Will new cable boxes change anything?
Cable TV box
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KAI RYSSDAL: It might have slipped by you in the run-up to the holiday yesterday, but reaching the halfway mark for 2007 means a change for new cable subscribers.
Beginning July 1st, cable companies were required to give their customers a new kind of set-top box. They'll come with a little card that will let customers go out and buy or lease their own box. What happens then depends on who you ask.
Our Washington bureau chief John Dimsdale reports.
John Dimsdale: For Jason Oxman at the Consumer Electronics Association July 1st was a big day.
Jason Oxman: It is as momentous for cable consumers as the day the FCC ordered AT&T to permit consumers to purchase telephone equipment from someone other than the telephone company.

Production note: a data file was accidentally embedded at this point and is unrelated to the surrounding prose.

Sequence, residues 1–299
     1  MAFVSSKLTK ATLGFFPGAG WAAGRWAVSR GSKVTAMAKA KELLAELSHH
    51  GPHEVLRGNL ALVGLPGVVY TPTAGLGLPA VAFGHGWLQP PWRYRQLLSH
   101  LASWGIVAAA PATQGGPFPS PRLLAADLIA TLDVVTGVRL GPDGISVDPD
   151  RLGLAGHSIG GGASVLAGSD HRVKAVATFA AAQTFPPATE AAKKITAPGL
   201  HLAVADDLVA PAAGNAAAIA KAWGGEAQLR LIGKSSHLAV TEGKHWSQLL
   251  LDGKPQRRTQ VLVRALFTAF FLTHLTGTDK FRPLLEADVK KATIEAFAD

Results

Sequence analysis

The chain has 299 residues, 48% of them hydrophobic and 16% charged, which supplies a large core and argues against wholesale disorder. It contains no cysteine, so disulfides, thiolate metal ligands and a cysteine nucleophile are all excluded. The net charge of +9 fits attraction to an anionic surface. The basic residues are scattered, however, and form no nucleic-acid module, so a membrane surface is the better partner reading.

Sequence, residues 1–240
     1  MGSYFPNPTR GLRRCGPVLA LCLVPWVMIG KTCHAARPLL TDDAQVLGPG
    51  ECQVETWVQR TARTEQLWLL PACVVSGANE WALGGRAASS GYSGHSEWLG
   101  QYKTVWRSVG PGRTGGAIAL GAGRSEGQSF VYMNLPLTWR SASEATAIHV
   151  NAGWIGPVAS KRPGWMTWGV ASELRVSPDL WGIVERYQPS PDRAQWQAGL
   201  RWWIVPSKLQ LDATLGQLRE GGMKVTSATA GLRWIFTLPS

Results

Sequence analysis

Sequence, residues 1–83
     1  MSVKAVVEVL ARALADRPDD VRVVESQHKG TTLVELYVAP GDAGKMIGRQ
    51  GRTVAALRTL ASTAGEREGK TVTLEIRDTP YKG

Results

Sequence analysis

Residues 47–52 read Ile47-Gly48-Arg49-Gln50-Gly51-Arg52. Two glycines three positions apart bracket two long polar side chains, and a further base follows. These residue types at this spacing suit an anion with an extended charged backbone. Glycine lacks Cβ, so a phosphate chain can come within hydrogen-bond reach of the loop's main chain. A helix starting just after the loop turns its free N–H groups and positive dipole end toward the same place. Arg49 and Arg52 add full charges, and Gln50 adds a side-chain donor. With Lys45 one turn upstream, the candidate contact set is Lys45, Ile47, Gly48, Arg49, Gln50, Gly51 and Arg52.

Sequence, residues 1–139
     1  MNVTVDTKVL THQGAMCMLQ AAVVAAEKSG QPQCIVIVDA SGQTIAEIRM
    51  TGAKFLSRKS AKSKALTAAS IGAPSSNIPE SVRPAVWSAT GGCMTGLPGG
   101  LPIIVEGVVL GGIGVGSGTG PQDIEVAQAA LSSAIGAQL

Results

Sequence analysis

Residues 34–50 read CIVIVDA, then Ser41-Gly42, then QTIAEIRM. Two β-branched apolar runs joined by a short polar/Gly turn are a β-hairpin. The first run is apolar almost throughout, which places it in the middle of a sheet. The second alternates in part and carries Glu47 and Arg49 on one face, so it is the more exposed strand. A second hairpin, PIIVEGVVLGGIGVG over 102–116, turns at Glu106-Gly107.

Right now, most cable TV subscribers rent their set-top box from the cable company. Back in 1996, Congress ordered the FCC to pry open the cable industry's lock on home equipment. After several delays, the FCC now requires cable companies to provide set-top cards so people can buy their own cable boxes.
But Brian Dietz at the National Cable Television Association says those cards have already been available for several years.
Brian DIETZ: All this mandate will do is drive up the cost of the set-top boxes that cable customers lease from their cable companies. It won't result in set-top boxes being available at retail outlets.
Cable companies warn the mandate will increase the rental cost of set-top boxes by $2 or $3 a month. But Chris Murray at Consumers Union says the cable industry is just trying to maintain its monopoly.
Chris MURRAY: The idea that this is of no benefit to consumers is a laughable proposition from the cable industry who wants people to just stay within their walled garden.
All sides agree, technology is coming within a few years that will bypass the set-top box entirely and allow cable companies to download subscription information directly to the TV set.
In Washington, I'm John Dimsdale for Marketplace.